A great and probably significant, difference between Eversholt and the three villages discussed in the previous pages, lies in the number of proprietors of land. Oakley (1786 acres) in 1795 showed about 15, Renhold (2211 acres) in 1781 about 10, land holders. Aspley Guise (1899 acres) about 1745 had 47 holders of land, but it is not possible in this case to separate with certainty proprietors from leasehold tenants. Eversholt (2146 acres) on the other hand had 70 proprietors, and 64 tenants who were not proprietors, clearly a social fabric of a much more medieval sort than the other three villages presented. No distinction is made by the map or the Field Book between freeholders and copyholders; apparently both were included under proprietors. At this point a word may be said of the legal status of these proprietors. The Duke of Bedford had acquired the manorial rights of Eversholt in 1702. But these rights did not carry ‘ownership’ of all the land there, nor indeed of any of it necessarily; there were the freeholders and copyholders, who in one sense ‘owned’ their lands; their tenure was saleable and heritable, and unchallengeable so long as the manor received its dues. These men however had not a ‘freehold’ in the modern sense of that word; they held their land subject to a yearly payment (amongst other things) to the lord of the manor, which in many cases had been fixed centuries ago, and bore little relation to the real annual value of the land. In the deeds which they executed, most of the larger men are styled yeomen, the lesser husbandmen, the smallest labourers.
Nine of the larger proprietors are specifically named (§ 55) in a table on the original map; two more have been added in the table below, so as to include all proprietors of more than 50 ac. The percentages there shown are calculated on the total area, exclusive of roads and waste. The last column shows the End at which lay the more compact part of a man’s estate (disregarding scattered enclosures, and strips in the Open Fields), and the numbered letter of the house in which he probably lived and from which he or his tenant farmed.
|Proprietor||a||r||p||%||End and Farmhouse|
|Duke of Bedford||609||0||6||29.33||Froxfield, Water E. (G 60), Tattle E., Wakes E.|
|Ambrose Reddall||392||2||26||18.88||Brook End (F 16); Higher Berry E. (T 33)|
|Robert Parker||105||3||3||5.05||Wakes End (R 16).|
|John Gregory||92||2||0||4.43||Higher Rads E. (K 9); Higher Berry E. (W 36)|
|Gregory Cook||107||1||28||5.15||Church End (G 14).|
|William Whitebread||58||2||11||2.79||Tyrrells End (D 1)|
|Susan Symons||90||3||7||4.33||Witts End (L 2).|
|Rector of Eversholt||66||3||15||3.17||Hills End (E 54)|
|Feoffees of the Charity||106||1||1½||5.10|
|Whitbread of Leighton||56||1||2||2.69||Hunts End|
There were thus eleven estates of more than 50 acres, covering nearly 84% of the total; this leaves 59 proprietors of less than 40 acres, amounting to about 336 acres or 16%. Analysing these smaller ownerships, we have
- 4 with 21 to 40 acres
- 14 with 5 to 20 acres
- 19 with 1 to 4 acres
- 22 with less than 1 acre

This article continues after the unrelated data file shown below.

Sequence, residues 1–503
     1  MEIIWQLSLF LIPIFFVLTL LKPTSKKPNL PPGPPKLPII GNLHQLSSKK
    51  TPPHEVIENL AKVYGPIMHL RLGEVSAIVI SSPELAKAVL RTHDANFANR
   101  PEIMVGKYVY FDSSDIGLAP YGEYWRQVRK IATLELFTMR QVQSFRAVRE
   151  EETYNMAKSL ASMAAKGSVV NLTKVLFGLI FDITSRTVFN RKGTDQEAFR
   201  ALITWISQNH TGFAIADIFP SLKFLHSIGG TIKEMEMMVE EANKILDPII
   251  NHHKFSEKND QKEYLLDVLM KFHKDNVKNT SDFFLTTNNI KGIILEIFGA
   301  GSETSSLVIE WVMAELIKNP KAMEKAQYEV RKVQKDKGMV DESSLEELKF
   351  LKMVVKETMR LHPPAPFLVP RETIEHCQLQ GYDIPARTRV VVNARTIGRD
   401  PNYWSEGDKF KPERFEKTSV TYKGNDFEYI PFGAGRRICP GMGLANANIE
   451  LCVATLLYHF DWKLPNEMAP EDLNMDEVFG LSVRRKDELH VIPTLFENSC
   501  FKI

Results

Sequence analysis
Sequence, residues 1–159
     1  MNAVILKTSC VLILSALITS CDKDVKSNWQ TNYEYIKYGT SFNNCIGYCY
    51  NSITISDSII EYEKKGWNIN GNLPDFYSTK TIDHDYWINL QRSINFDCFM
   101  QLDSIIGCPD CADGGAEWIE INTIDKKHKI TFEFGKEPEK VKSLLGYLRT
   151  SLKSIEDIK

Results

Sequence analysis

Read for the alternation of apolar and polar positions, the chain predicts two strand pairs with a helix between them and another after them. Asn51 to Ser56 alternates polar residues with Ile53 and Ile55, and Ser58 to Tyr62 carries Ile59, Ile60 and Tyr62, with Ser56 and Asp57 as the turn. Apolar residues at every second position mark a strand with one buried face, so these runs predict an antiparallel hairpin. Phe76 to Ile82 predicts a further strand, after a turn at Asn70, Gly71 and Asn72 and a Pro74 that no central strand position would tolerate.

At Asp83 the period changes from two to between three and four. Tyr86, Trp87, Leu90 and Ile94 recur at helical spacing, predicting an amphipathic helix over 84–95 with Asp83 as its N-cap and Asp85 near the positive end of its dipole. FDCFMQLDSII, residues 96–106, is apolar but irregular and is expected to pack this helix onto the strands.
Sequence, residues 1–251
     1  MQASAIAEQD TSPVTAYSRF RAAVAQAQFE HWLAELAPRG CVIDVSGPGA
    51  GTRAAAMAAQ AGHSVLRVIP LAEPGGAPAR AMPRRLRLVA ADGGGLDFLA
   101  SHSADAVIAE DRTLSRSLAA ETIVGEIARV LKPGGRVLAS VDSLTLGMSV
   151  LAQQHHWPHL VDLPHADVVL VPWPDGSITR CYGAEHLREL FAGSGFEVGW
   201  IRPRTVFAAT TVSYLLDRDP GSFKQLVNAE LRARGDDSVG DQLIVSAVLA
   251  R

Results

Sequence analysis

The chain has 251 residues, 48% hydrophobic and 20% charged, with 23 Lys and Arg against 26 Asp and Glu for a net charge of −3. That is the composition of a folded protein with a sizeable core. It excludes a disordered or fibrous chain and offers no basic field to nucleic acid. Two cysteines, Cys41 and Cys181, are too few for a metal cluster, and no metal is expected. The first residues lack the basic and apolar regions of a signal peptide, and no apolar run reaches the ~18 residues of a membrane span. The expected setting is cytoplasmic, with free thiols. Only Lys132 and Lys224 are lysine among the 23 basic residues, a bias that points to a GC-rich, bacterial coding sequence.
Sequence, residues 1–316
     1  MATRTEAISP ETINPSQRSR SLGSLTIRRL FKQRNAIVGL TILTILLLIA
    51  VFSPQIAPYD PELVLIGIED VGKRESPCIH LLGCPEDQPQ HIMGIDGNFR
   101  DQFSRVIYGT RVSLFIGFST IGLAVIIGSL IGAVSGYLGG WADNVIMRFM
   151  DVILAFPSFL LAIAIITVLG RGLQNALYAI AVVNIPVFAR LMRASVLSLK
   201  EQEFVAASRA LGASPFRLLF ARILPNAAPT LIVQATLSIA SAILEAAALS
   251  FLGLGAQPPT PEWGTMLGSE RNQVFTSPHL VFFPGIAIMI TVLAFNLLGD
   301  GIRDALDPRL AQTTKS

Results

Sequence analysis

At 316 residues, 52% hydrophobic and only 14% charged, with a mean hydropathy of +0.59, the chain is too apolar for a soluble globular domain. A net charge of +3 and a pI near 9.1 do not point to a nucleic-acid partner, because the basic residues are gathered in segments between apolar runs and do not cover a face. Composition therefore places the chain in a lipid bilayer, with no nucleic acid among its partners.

these last having usually only a cottage and garden. Among the lesser men, owners or tenants, were two blacksmiths, one carpenter, one shoemaker. A liberal supply of seven ale-houses had the names of the Roebuck, the Last, the Red Lyon, the Go further and fare worse, the Six Bells, the Falcon, and the Boot.
§ 71. Resident and non-resident proprietors.
A further step towards estimation of the social conditions of the village is made by eliminating non-resident proprietors. These are sometimes definitely named as ‘of’ somewhere else than Eversholt; but additions can be made to these by noting such as have no land in their own hands, or have no house in the village. This is of course not a final test; for example, in four cases a man was only a tenant of his house or land, but a proprietor of land or house elsewhere at Eversholt; careful watch has been kept for such cases, and at least the proportions are probably accurate, if not the actual figures. Three of the eleven chief proprietors — the Duke of Bedford, Robert Parker of Steppingley, and William Whitbread of Leighton, — are not Eversholt men, and account for about 771 acres. Of the smaller proprietors, 33 were apparently not inhabitants, and together held about 210 acres. The total land owned outside the village was thus about 981 acres or 47%, a high figure due mainly to the Duke’s estate. The proportion of outside proprietors seems to be about 31% of the whole number. It seems therefore that the land holding community may be summarised as
- 11 proprietors of more than 50 acres, with 1738 acres
- 8 resident, 39 with 967 acres
- 3 non-resident, with 771 acres
- 59 proprietors of less than 40 acres with 336 acres
- 26 resident, with 126 acres
- 33 non-resident, with 210 acres
§ 72 Small-holders.
It has thus become possible to consider how many of the 26 residents who held less than 40 acres may be described strictly as small-holders — a class of which I have not yet met a satisfactory definition; if one existed, it would be difficult to apply, because men often had sources of income additional to their mere holding.